In this guest blog, Professor Martin Burton talks about ‘glue ear’ and looks at the latest evidence that might help parents and their doctors to decide whether antibiotics are worth trying.
‘Glue ear’ (otherwise known as otitis media with effusion) is very common. Almost all children experience it at some point in childhood, but the consequences vary enormously. If the fluid is there very briefly – for only a few days or weeks – it may never be noticed by a child. But if it is there for weeks or months on end, it may produce the sort of deafness that adults experience when they have a ‘cold’. And this in turn may be associated with difficulties at school or home, and have an effect on the child’s speech or language. In day-to-day life, the most important thing is to pick up those children in whom the glue is present for more than a few days, and assess the impact that this is having on the child. Is it affecting their hearing or listening and, in turn, is that affecting their behaviour or education?
In many cases it is not necessary to treat a child simply because the glue is present. But if its presence is having an adverse effect on the child, action may be necessary. But even this decision is not straightforward, because we know that the condition fluctuates, and can resolve on its own – without any help from anyone – in a significant proportion of children. This is why so-called ‘active monitoring’ or ‘watchful waiting’ may be the best approach.
A recent Cochrane review that I helped prepare, looked at the role of antibiotics in helping children with glue ear. The review found evidence of both benefits and harms associated with the use of antibiotics. On the one hand, it seems that a course of oral antibiotics increases the chance of complete resolution of otitis media with effusion. If you have a group of 200 children with glue ear and don’t give them antibiotics, 50 will improve after two to three months without treatment. This increases to 100 children out of 200 if you do give them antibiotics.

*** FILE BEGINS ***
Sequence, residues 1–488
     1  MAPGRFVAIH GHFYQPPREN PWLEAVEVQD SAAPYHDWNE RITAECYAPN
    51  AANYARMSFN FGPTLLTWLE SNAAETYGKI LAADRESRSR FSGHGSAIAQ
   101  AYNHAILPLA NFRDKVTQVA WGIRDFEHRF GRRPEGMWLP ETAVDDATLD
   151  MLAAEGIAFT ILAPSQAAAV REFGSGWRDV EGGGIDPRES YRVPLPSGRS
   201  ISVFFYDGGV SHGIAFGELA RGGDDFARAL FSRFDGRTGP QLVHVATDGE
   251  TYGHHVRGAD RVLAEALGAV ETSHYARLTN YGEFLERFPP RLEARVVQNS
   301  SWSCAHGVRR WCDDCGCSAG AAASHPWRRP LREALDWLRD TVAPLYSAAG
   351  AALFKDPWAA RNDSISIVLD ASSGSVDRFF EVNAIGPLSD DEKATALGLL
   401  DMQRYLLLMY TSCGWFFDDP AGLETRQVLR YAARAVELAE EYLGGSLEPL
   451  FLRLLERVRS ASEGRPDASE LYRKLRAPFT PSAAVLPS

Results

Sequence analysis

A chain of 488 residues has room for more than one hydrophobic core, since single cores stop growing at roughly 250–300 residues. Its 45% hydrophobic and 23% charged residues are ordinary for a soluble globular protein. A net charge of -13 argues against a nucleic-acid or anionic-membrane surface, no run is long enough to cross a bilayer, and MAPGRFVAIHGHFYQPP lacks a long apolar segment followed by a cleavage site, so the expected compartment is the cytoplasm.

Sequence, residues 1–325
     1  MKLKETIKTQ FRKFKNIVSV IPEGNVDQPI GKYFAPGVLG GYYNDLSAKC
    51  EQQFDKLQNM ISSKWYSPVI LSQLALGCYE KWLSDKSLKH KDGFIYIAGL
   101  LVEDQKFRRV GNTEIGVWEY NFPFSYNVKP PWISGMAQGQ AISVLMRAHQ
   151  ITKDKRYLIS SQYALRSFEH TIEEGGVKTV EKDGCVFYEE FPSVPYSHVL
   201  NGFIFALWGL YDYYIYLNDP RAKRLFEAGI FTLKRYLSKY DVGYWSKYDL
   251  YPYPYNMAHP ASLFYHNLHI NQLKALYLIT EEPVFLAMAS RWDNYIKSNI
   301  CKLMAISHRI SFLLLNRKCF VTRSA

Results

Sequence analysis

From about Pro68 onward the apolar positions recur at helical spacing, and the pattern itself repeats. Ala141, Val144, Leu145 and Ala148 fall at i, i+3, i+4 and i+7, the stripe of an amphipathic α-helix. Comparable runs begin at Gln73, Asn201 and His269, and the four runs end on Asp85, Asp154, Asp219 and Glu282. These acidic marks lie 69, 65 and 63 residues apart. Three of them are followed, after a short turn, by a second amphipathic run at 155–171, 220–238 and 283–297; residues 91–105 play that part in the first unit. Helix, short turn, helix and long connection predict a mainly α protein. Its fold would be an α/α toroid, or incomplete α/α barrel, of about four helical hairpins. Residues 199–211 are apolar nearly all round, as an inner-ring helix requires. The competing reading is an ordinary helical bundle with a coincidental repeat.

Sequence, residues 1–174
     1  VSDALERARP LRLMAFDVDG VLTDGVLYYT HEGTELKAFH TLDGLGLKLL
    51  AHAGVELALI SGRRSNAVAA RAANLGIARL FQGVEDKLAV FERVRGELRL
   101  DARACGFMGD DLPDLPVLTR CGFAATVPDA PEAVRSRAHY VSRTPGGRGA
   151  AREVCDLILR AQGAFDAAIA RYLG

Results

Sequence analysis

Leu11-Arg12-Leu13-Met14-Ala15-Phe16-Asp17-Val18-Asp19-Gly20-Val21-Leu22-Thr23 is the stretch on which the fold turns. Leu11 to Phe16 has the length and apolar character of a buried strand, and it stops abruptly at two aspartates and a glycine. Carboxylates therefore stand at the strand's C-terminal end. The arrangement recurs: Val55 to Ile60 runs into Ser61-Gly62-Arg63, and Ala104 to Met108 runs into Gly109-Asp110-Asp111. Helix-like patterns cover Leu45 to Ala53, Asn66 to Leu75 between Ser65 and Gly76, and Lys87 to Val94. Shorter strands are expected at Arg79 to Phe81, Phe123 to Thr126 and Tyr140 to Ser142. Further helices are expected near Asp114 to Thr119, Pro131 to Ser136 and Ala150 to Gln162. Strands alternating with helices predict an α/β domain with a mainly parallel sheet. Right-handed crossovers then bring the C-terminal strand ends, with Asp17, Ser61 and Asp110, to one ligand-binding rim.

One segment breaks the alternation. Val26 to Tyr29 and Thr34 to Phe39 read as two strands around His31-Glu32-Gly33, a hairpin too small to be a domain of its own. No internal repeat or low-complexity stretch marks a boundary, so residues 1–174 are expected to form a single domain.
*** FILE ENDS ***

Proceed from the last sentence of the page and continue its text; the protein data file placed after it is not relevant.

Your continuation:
But antibiotics have side effects such as diarrhoea, vomiting or skin rash. 19 children taking antibiotics will get one of these conditions as will 9 children not taking them.
It seems perfectly reasonable to ask the question: does taking the antibiotics help with hearing, or even a child’s speech, or language or quality of life? The short answer is that we don’t know. There is no evidence one way or the other. Are there any other ‘downsides’ to using antibiotics? We are all aware that the overuse of antibiotics is associated with the emergence of resistance and that emergence has specifically been linked to widespread use for common conditions, of which otitis media is certainly one.
Dr. Burton reports personal fees from OXENT Ltd, outside the submitted work.
Antibiotics for otitis media with effusion in children. Cochrane Database of Systematic Reviews 2016, Issue 6. Art. No.: CD009163. DOI: 10.1002/14651858.CD009163.pub3., , , , , .
Plain language summary: http://www.cochrane.org/CD009163/ENT_antibiotics-otitis-media-effusion-glue-ear-children